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Victoria’s mayoral candidates face off on tackling poverty

Victoria’s leading mayoral candidates sparred over social issues ranging from panhandling to “renovictions” to homelessness and safe injection sites Monday as the civic election campaign entered its last week.
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Monday's debate featuring VictoriaÕs leading mayoral candidates was hosted by the social justice committee of the Our Place downtown drop in centre.

Victoria’s leading mayoral candidates sparred over social issues ranging from panhandling to “renovictions” to homelessness and safe injection sites Monday as the civic election campaign entered its last week.

The debate hosted by the social justice committee of the Our Place downtown drop in centre came on the same day that two of the candidates — Ida Chong and Stephen Andrew — issued policy statements addressing aggressive panhandlers in the downtown.

Chong’s policy calls for using the city’s streets and traffic bylaw to create “special enforcement zones” to crack down on aggressive panhandling.

Asked about the policy, Mayor Dean Fortin said he totally opposed the “a red zone bylaw” that would allow officers to run out of town anyone who sits on the street or panhandles.

“This is a progressive town. We believe in the Charter of Rights and Freedoms. You don’t just get to say, ‘We don’t like the way you look. You have to leave but we’re going to keep the guys that look like us. This is not what we do,’ ” Fortin said.

Both Fortin and mayoral candidate Coun. Lisa Helps said the answer is not in criminalizing panhandling but attacking poverty by providing services such as housing and access to food and health facilities.

Chong insisted it’s her intent to go after only those who are aggressive and intimidate people such as seniors and young mothers with children. “It’s those people who have bad behaviour that intimidate … we have to ask them to move,” Chong said over some catcalls from the capacity crowd of more than 100.

Panhandling was also part of Andrew’s Healthier Safer City Plan which touches on a number of social issues. The plan’s priority is working with service providers to reduce the need for panhandling. But Andrew would also work to “vigorously enforce” existing bylaws that prohibit panhandlers from sitting on sidewalks and to crack down on aggressive panhandling — taking “escalating” action against repeat violators.

“But again, it’s aggressive behaviour downtown, we can’t have it. I don’t care whether it’s a panhandler or whether it’s somebody catcalling women downtown. It has to stop,” Andrew said.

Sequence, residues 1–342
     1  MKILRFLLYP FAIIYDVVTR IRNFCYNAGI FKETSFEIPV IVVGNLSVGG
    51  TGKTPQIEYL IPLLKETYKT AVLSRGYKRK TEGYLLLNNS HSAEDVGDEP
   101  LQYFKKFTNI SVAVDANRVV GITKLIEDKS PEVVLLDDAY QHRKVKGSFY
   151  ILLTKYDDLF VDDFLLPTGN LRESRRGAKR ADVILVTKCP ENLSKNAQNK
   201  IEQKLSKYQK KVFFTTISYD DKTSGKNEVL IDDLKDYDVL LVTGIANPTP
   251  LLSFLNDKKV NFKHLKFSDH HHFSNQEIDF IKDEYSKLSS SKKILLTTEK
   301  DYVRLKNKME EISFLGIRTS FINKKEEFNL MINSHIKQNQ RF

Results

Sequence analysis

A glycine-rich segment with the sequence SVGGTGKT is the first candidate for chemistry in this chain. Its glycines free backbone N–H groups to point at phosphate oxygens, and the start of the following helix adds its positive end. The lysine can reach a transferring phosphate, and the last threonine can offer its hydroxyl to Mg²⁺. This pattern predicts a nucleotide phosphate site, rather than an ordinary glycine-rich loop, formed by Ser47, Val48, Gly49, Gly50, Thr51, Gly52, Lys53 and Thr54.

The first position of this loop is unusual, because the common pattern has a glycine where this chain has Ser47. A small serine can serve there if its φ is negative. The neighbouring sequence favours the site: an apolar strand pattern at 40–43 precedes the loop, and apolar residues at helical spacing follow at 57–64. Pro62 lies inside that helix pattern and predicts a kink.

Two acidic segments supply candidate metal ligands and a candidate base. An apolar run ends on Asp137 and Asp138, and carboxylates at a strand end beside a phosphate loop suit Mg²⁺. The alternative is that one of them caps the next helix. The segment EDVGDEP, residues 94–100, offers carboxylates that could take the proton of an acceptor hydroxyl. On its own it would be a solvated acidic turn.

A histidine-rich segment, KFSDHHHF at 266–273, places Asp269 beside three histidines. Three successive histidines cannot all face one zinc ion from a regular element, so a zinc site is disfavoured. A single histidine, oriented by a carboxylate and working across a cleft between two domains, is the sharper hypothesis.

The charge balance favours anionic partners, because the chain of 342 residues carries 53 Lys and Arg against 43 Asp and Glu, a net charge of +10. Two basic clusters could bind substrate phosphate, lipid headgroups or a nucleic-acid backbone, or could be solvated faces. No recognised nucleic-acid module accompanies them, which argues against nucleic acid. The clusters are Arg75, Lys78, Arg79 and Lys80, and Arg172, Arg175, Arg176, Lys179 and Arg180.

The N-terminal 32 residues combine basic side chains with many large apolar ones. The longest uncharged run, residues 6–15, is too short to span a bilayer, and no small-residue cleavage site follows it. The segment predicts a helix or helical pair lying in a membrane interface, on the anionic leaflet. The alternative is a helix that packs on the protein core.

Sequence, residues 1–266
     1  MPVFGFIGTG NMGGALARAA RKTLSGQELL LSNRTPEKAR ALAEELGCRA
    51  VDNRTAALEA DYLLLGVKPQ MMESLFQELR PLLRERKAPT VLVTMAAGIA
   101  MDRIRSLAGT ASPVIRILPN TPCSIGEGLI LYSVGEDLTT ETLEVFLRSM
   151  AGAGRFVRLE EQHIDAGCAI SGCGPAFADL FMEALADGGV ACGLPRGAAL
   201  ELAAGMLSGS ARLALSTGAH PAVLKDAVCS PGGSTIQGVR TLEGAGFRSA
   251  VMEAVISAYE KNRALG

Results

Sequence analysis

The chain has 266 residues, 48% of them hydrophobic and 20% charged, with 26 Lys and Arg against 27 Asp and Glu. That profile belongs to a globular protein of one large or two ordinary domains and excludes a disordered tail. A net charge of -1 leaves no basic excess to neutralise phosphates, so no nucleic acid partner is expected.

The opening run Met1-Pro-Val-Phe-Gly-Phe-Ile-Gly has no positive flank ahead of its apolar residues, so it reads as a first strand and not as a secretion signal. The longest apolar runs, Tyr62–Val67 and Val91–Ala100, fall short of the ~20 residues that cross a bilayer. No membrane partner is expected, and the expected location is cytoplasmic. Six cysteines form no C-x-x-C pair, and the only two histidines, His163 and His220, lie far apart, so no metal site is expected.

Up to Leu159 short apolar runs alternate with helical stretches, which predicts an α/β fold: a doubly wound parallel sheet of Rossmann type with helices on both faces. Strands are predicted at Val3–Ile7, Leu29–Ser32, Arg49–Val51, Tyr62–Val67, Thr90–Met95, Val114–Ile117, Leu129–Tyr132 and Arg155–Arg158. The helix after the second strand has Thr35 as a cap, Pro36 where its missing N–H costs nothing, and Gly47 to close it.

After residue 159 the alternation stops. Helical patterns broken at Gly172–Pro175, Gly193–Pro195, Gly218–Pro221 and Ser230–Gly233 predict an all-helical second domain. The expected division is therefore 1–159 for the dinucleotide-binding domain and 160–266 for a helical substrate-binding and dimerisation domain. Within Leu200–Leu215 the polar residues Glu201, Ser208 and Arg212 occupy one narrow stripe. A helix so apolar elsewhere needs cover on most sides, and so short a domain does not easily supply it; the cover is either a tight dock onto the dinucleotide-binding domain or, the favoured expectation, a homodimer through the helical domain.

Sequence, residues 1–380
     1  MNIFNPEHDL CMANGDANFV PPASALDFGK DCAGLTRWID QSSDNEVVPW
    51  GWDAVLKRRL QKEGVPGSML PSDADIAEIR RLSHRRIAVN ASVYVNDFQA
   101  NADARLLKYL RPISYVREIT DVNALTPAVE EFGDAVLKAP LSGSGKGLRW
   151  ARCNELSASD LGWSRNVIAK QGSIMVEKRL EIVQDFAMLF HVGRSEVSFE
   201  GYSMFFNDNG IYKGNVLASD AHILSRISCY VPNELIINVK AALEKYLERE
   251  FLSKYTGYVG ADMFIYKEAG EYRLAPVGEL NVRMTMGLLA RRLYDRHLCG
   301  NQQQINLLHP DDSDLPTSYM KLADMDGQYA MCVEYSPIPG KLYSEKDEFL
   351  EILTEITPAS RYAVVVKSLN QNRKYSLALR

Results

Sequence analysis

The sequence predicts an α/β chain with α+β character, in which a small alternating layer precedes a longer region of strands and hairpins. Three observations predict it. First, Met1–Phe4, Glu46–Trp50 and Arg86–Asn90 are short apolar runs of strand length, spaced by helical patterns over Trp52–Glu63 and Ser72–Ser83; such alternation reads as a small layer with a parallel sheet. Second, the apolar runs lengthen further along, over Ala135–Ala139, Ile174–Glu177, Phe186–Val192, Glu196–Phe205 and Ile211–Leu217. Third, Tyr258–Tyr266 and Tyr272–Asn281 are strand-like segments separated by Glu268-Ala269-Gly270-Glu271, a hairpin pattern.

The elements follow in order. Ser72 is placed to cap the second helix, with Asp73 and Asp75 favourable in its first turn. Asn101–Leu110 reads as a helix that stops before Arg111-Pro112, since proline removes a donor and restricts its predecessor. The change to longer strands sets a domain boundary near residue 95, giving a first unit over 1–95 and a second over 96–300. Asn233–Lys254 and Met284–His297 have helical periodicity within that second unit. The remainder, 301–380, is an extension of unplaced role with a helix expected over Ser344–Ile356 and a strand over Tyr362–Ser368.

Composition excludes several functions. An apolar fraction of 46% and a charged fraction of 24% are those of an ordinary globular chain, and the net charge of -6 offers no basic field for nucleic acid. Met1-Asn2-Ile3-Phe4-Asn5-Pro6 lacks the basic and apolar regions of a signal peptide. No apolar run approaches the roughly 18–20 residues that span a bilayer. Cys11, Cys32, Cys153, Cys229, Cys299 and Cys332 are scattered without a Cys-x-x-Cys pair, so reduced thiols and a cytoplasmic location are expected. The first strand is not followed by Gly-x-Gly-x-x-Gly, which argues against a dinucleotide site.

Helps countered that often mental illness is behind aggressive behaviour. “That person needs help first and that’s our role as a compassionate, caring city. … Ask the people I live with — sometimes I can get aggressive, sometimes I can get excited, but I have the privacy of my home to do that in,” Helps said.

Andrew and Fortin also sparred over how some tenants of the View Towers apartment had been evicted after a recent fire, despite the fact there were undamaged vacant units in the building. “It still drives me crazy that there’s 100 vacant units in View Towers. That would take care of half of our problem with chronic homeless right now,” Fortin said.

Andrew said the View Towers evictions, apparently prompted by renovation plans, demonstrated a lack of leadership. The city should be taking the issue up with the province “and get them to bring in the hammer to deal with this issue,” he said.

Fortin said the mayors’ caucus of the Union of B.C. Municipalities has been lobbying the province on the issue. “Although it’s frustrating, Stephen, I can no more force you to take someone in your basement than I can force the guy in View Towers to take someone in,” Fortin said.

Meanwhile all four candidates said they support a safe injection site.

Fortin said the city is close to having two safe injection sites — transitioning the existing Access Health centre, 713 Johnson St. and Pembroke Services, 1125 Pembroke St., from health facilities that distribute harm-reduction supplies, such as clean needles and crack pipes, into supervised injection sites.

bcleverley@timescolonist.com

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